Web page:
Avoid Overtraining And Fatigue
What is it and where does it come from?
L-tyrosine is a nonessential organic amino acid that is a building block of protein. It is an organic amino acid due to the presence of a carbon atom in its makeup. It is a precursor of the neurotransmitter dopamine, as well as a precursor to the adrenal hormones norepinephrine and epinephrine. The body can make L-tyrosine from the amino acid phenylalanine. L-tyrosine rich foods include animal meat, wheat products, oatmeal and seafood.
What does it do and what scientific studies give evidence to support this?
L-tyrosine may help athletes avoid overtraining, due to its ability to offset fatigue. Because Ltyrosine is a precursor of Dopamine, supplementing with L-tyrosine may heighten mental alertness, increase feelings of well-being, and offset physical and mental fatigue.
Who needs it and what are some symptoms of deficiency?
Everyone. Populations in need of L-tyrosine include athletes, the obese or overweight, and the elderly. Hard training athletes may benefit from supplementing with L-tyrosine as it helps to offset fatigue and stress associated with intense training. L-tyrosine also serves to protect the integrity of the skin. Melanin, a substance which acts to protect the skin when the epidermis has been exposed to ultraviolet light, is derived from L-tyrosine. If a shortage of melanin is present within the body [because of a lack of L-tyrosine], skin defences will be compromised. Melanin, which is derived from L-tyrosine, chemically reacts with sunlight to form a protective shield that protects the deeper layers of skin tissue.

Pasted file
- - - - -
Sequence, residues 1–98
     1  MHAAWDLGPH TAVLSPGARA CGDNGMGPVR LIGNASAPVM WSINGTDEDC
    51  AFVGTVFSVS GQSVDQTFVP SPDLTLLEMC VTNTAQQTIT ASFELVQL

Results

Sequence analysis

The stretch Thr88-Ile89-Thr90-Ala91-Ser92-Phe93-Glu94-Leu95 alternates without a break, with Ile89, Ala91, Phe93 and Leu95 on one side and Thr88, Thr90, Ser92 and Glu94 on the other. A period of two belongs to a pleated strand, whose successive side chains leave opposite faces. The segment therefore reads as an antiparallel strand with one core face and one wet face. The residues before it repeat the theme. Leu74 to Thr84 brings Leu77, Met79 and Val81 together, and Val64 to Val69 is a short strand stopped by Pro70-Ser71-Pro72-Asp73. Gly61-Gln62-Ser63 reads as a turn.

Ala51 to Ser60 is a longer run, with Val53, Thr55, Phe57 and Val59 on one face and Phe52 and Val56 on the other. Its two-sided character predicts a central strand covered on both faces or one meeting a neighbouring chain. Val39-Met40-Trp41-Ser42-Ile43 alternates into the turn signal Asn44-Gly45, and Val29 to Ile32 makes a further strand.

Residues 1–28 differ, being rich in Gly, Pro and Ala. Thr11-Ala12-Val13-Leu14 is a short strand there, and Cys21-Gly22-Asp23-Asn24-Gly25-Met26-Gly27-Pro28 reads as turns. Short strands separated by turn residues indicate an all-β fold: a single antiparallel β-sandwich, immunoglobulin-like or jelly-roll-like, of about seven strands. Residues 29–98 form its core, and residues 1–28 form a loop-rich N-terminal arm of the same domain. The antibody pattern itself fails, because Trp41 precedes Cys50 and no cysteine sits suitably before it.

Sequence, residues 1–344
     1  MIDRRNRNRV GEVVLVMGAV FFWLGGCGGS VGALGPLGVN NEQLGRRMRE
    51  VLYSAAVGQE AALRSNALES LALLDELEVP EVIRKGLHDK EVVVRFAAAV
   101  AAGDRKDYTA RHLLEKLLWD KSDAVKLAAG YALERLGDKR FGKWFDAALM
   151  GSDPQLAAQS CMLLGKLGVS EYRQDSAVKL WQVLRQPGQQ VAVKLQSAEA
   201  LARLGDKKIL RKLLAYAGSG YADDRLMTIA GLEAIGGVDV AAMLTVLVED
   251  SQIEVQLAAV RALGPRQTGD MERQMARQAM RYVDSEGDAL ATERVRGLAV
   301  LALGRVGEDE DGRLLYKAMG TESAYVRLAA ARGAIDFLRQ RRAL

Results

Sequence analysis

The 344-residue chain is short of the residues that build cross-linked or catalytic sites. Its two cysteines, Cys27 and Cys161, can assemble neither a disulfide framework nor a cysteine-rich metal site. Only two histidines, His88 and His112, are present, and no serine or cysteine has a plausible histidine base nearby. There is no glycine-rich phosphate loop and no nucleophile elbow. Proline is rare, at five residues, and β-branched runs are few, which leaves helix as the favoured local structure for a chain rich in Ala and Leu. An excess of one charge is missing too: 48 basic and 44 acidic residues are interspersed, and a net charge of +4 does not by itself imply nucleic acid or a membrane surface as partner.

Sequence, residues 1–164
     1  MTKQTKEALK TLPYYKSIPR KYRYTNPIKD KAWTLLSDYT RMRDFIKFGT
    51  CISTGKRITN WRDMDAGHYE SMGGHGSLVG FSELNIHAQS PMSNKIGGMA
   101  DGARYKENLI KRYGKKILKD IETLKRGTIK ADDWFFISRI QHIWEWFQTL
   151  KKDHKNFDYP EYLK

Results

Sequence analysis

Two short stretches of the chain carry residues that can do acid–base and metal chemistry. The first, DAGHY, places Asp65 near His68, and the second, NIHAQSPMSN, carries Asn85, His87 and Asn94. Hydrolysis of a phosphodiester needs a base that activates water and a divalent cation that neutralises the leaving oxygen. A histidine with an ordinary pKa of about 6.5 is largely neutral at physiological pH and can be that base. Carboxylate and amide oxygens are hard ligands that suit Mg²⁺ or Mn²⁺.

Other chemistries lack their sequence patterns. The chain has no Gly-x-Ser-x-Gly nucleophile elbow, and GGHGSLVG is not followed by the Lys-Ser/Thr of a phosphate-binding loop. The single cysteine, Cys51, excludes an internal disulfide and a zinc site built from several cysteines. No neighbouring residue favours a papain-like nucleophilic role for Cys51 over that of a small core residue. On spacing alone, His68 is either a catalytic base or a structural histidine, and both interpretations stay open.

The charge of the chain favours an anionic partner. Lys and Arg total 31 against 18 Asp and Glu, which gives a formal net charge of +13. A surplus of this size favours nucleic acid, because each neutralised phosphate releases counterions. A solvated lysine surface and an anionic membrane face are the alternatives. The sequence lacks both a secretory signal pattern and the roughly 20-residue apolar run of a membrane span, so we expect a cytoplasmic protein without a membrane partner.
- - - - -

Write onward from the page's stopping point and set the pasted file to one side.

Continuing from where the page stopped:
Because persons suffering from depression frequently have low blood levels of this aminoacid, it may prove beneficial for members of this population to supplement with L-Tyrosine. Members of the obese population may benefit from supplemental L-tyrosine. The thyroid is responsible for the manufacture of T-cells. L-tyrosine influences the manufacture of thyroxin [T-cells], which influences basal metabolic rate. Because of this, L-tyrosine may prove effective for weight loss.
How much should be taken?
Are there any side effects?
At this time clear dosing guidelines have not yet been established, so it is best to do what is known as “tolerance mapping”.
Take a small dosage for one week, note the benefits and the side effects, and increase the dosage until the benefits are maximised and the side effects minimised. Over time the two will converge and you will hit the optimal dose. This process is similar to “receptor mapping” for bodybuilders who use insulin and steroids.
Many protein powders on the market are fortified with amino acids, including tyrosine. With this in mind, pay particular attention to how much tyrosine you are ingesting from all sources. No side effects have been reported, although as with any amino-acid, overdose is a possibility. Individuals suffering from psychiatric conditions should consult a qualified medical practitioner prior to the use of supplemental L-tyrosine.
If you do not feel comfortable following the above-described procedure, it is always best to follow the directions as prescribed on the product’s label.